• At the start of the regulated period the Electoral Commission, or a specially commissioned independent body, should publish a website with a ‘minimum data set’ containing the basic data relevant to the vote in one convenient place. A major source of complaint about the conduct of the referendum was the supposed lack of independent information available about the vote. While there are real difficulties in separating out fact from political argument in these cases, a minimum data set ought to be possible.
  • An official body – either the Electoral Commission or an appropriate alternative – should beempowered to intervene when overtly misleading information is disseminated by the official campaigns. Misleading claims by the official campaigns in the EU referendum were widely seen as disrupting people’s ability to make informed and deliberate choices. Other countries including New Zealand have successfully regulated campaign claims – the UK should follow suit.

More deliberation

  • There should be an official, publicly funded resource for stimulating deliberative discussion and debate about the referendum. Initiatives which equip people with the information and platforms needed to deliberate on the issues around the referendum should receive official support.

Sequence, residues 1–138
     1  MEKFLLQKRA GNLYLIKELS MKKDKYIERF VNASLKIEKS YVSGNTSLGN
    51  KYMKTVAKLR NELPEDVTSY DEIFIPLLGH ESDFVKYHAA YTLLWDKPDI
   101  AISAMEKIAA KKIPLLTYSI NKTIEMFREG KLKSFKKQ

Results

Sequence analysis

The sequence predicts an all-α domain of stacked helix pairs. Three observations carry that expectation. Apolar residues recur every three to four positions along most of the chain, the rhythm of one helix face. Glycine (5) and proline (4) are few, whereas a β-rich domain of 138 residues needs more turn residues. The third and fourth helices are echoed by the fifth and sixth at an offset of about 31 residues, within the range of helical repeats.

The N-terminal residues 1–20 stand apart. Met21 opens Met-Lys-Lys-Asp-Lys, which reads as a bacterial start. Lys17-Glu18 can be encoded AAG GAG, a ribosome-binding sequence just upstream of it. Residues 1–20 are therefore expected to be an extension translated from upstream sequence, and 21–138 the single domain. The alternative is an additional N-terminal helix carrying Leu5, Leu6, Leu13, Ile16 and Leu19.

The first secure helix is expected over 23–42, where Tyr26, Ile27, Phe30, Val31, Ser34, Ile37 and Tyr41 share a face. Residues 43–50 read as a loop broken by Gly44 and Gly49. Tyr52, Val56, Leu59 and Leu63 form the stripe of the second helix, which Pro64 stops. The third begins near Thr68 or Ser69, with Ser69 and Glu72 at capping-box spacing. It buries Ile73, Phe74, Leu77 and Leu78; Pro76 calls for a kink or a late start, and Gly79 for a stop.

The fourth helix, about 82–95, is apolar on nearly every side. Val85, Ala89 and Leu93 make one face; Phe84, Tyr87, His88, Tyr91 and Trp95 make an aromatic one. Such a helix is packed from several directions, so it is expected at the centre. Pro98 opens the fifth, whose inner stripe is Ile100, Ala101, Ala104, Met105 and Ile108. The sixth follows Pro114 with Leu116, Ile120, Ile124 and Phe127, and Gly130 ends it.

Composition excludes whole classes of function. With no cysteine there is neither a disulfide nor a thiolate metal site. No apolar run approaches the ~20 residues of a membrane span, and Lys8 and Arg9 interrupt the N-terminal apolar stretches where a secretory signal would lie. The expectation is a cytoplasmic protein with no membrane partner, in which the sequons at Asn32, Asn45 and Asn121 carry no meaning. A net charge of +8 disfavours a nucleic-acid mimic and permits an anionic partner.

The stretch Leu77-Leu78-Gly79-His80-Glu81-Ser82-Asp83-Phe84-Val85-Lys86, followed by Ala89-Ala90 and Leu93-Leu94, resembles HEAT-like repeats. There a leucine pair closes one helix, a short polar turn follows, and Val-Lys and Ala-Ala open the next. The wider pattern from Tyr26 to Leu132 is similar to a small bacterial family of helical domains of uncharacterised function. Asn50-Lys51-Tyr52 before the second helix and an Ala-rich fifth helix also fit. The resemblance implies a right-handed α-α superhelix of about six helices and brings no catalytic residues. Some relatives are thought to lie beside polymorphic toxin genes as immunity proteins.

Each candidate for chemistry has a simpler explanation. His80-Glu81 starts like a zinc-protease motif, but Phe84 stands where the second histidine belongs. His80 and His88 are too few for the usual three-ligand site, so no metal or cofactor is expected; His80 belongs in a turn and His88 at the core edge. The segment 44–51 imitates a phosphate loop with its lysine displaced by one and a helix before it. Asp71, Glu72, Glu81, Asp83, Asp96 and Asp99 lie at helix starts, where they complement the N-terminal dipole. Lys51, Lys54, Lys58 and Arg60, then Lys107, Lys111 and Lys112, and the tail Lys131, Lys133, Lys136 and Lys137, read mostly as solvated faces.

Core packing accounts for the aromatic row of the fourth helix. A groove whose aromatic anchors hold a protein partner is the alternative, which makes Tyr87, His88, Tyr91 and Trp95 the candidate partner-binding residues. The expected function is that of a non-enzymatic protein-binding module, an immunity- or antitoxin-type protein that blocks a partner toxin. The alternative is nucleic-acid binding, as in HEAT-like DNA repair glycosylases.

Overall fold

• The Electoral Commission or an appropriate alternative should provide a toolkit for members of the public to host their own deliberative discussions about the referendum. Our ‘Better Referendum’ intervention demonstrated a widespread appetite for members of the public to get together in a high-information environment to discuss the issues. Similar deliberative tools should be rolled out as part of any public engagement initiative.